Au­di­tor rips gov­er­nor’s $17B Delta tun­nels project

Re­port says pro­posal costs too much, does not demon­strate pru­dence

The Mercury News Weekend - - LOCAL NEWS - By Paul Rogers progers@ba­yare­anews­

On the eve of key votes in San Jose and Los An­ge­les, Gov. Jerry Brown’s $17 bil­lion pro­posal to build two mas­sive tun­nels through the Delta to make it eas­ier to move water from north to south was hit with an­other set­back Thurs­day as a state au­dit found it was suf­fer­ing from “sig­nif­i­cant cost in­creases and de­lays.”

The 91-page re­port from Cal­i­for­nia’s state au­di­tor, Elaine Howle, also said the state Depart­ment of

Water Re­sources “has not com­pleted ei­ther an eco­nomic or fi­nan­cial anal­y­sis to demon­strate the fi­nan­cial vi­a­bil­ity” of the project, which the Brown ad­min­is­tra­tion calls the Cal­i­for­nia WaterFix.

Also, the Brown ad­min­is­tra­tion has not put in place a proper sys­tem of gov­er­nance for the project, and has failed to keep im­por­tant doc­u­ments, the au­dit found.

The au­dit fur­ther con­cluded that the state Depart­ment of Water Re­sources “did not fol­low state law” when it re­placed a key pro­gram man­ager on the project with a com­pany that it hired with­out a com­pet­i­tive bid­ding process and which was run by some­body with­out an engi­neer­ing de­gree.

State of­fi­cials dis­puted that they vi­o­lated the law, and said the project is on track.

“The depart­ment has al­ready taken ac­tion based on the au­di­tor’s feed­back and will take their rec­om­men­da­tions un­der ad­vise­ment as it moves for­ward with WaterFix,” said Erin Mel­lon, a spokes­woman for the state Depart­ment of Water Re­sources.

Mel­lon said the au­dit “val­i­dates the un­prece­dented and ex­haus­tive work the depart­ment has done to pro­pose the best project for the state of Cal­i­for­nia.”

En­vi­ron­men­tal groups had a dif­fer­ent view.

“Cal­i­for­nia WaterFix is in com­plete dis­ar­ray,” said Bar­bara Bar­ri­gan-Par­illa, ex­ec­u­tive direc­tor of Re­store the Delta, a Stock­ton or­ga­ni­za­tion that op­poses the tun­nels. “We can­not see how any public water agency can vote to sup­port any per­cent­age of this project.”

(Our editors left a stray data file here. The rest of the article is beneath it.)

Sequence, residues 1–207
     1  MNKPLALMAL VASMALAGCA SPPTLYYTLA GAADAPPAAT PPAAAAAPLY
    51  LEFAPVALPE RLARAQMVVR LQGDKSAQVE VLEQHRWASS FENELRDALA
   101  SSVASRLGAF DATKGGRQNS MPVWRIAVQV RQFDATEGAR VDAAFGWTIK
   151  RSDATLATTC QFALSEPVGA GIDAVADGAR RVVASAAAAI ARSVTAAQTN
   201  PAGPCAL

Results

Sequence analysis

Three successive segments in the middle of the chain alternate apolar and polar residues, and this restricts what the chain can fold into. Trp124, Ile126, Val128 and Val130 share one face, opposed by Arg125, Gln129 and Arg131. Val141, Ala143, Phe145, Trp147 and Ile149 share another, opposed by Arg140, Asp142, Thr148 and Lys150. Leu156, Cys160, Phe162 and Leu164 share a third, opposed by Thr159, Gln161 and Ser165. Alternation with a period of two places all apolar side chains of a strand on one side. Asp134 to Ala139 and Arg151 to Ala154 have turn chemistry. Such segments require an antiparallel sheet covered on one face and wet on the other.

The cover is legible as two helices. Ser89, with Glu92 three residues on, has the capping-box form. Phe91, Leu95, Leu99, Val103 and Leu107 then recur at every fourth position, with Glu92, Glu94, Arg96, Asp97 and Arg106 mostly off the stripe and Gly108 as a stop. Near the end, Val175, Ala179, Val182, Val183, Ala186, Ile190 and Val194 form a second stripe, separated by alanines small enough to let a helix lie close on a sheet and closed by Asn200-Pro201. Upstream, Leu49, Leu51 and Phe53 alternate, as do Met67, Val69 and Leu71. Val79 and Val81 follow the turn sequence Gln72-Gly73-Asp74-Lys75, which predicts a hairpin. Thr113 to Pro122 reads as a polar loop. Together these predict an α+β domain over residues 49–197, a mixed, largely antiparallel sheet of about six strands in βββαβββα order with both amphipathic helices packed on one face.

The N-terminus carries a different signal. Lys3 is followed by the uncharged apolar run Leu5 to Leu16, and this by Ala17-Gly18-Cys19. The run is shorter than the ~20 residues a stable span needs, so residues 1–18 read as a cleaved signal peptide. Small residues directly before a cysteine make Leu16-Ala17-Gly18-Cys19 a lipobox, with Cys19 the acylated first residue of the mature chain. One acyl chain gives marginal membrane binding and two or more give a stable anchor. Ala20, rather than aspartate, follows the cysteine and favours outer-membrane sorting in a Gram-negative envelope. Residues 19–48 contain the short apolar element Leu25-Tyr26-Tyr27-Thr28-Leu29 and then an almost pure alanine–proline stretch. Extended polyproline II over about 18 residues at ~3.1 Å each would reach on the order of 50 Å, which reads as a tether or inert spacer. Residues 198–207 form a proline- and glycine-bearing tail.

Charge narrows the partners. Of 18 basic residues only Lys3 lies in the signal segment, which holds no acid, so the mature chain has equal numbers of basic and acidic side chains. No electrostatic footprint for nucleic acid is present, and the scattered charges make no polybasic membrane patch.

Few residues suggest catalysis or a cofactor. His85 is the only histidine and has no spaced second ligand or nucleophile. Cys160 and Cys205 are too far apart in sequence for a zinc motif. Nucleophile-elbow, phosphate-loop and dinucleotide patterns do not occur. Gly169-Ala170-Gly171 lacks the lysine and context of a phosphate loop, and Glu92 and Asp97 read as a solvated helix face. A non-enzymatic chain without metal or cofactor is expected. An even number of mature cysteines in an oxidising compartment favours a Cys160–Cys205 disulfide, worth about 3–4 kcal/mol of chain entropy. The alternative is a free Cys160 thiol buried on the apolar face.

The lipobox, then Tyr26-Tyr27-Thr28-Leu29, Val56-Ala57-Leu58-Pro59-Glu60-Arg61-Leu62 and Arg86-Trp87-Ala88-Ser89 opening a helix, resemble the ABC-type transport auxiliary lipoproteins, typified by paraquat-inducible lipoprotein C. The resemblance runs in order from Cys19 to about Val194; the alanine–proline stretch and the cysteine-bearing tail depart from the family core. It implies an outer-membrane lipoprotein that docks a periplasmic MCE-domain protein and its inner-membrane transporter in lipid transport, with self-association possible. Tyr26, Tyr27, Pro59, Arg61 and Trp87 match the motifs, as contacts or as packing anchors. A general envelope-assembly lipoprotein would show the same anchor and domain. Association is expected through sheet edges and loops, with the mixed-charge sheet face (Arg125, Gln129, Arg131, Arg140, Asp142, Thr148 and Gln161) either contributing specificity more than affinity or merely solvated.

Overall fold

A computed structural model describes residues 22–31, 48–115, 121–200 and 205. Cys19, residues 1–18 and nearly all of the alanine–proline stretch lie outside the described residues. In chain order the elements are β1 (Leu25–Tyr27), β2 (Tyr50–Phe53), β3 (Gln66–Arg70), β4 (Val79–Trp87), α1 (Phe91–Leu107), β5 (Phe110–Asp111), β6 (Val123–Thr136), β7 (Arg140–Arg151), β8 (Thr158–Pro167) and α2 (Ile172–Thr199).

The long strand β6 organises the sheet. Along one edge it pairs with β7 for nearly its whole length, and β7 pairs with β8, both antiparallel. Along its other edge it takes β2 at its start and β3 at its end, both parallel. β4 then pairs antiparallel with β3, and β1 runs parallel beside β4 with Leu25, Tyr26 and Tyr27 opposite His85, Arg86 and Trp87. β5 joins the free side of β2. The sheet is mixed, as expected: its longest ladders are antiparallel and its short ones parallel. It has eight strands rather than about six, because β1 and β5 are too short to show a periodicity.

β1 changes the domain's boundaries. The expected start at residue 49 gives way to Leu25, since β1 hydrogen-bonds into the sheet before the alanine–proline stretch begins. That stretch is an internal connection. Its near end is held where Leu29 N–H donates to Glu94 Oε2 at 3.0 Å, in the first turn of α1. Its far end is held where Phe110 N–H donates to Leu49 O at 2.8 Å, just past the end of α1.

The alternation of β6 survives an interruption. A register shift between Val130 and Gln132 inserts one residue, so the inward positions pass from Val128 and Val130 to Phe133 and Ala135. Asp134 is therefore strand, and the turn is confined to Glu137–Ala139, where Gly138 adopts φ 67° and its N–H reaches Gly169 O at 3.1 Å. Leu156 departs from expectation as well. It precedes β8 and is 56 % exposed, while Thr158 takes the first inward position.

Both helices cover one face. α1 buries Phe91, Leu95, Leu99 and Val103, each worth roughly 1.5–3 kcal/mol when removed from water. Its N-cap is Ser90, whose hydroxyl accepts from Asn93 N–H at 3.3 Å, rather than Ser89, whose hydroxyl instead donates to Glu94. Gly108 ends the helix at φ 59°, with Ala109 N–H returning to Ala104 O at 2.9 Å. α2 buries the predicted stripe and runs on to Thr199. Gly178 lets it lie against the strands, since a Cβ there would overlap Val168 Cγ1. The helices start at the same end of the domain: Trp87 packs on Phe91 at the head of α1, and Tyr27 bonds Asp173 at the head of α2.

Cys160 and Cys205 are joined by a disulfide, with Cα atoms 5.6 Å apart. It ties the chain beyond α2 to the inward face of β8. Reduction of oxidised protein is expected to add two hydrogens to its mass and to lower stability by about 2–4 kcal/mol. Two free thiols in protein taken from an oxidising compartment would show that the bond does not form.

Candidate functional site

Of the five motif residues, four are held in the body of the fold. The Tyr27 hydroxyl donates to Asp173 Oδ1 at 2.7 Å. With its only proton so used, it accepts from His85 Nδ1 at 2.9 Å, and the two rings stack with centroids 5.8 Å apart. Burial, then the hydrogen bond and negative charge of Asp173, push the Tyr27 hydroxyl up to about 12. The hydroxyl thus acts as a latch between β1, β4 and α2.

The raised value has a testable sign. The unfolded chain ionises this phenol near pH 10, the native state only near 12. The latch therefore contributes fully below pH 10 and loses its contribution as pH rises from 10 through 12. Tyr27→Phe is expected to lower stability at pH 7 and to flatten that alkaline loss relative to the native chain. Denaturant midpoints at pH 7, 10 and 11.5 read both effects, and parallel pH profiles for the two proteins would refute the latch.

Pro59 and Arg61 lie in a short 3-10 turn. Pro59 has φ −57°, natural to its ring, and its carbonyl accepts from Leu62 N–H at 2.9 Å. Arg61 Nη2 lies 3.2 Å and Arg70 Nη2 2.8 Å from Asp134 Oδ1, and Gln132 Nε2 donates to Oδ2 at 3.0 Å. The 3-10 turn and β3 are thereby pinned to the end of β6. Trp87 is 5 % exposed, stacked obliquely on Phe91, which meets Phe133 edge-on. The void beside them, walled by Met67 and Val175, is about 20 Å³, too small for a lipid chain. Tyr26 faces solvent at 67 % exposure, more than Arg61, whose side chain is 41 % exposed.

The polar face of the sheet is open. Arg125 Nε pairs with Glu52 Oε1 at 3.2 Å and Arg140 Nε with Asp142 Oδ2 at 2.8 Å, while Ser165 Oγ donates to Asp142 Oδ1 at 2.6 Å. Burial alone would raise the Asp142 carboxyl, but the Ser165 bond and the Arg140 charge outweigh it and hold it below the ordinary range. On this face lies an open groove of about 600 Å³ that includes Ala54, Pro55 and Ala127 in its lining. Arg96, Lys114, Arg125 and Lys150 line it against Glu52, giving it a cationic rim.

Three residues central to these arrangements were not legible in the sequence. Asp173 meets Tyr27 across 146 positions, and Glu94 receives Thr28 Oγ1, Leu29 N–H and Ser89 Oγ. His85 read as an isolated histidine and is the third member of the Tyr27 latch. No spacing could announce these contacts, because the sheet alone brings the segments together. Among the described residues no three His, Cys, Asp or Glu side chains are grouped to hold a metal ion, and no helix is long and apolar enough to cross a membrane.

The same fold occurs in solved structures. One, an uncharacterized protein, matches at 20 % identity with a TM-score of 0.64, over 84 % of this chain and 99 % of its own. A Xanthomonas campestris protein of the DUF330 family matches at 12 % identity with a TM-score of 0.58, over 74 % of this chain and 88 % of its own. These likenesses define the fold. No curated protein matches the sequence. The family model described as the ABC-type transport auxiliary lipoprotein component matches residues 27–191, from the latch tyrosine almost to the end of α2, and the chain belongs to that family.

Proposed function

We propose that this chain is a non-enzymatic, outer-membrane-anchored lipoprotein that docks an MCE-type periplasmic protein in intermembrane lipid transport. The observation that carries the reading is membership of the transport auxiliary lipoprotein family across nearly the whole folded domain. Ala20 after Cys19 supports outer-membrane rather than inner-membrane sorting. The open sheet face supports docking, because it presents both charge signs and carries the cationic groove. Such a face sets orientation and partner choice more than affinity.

The au­dit noted that the Brown ad­min­is­tra­tion hired the Hall­mark Group, a Sacramento con­sult­ing firm, to run a key part of the plan­ning and over­sight for the project. The com­pany, which was rec­om­mended by Met­ro­pol­i­tan Water District of South­ern Cal­i­for­nia, had man­aged projects at UC Merced, but had no ex­pe­ri­ence man­ag­ing large water projects. Its pres­i­dent, Chuck Gard­ner, has a bach­e­lor’s de­gree in eco­nom­ics. The com­pany was given a no-bid con­tract that has tripled in cost from $4 mil­lion to $13 mil­lion.

Thurs­day’s au­dit comes at a crit­i­cal time for the plan, which is one of Brown’s two gi­ant legacy con­struc­tion pro­pos­als, the other be­ing his high-speed rail project.

Last month, the tun­nels plan took a sig­nif­i­cant hit when the board of West­lands Water District in Fresno, the na­tion’s largest agri­cul­tural ir­ri­ga­tion district, voted 7-1 not to par­tic­i­pate in its fund­ing. West­lands had been ex­pected to con­trib­ute roughly $3 bil­lion to­ward the cost. That means that other water agen­cies — in­clud­ing Sil­i­con Val­ley’s largest water sup­plier — that are try­ing to de­cide whether to help fund the project would have to pay more and raise cus­tomers’ water rates and prop­erty taxes higher than ex­pected to cover the costs, along with any cost over­runs.

On Tues­day, the board of the Met­ro­pol­i­tan Water District of South­ern Cal­i­for­nia, a sup­porter of the project that pro­vides water to 19 mil­lion peo­ple, is sched­uled to vote on whether to help pay at least $4 bil­lion fund it. Thurs­day, Brown met per­son­ally with 17 of the district’s 38 board mem­bers in Granada Hills to urge them for a yes vote.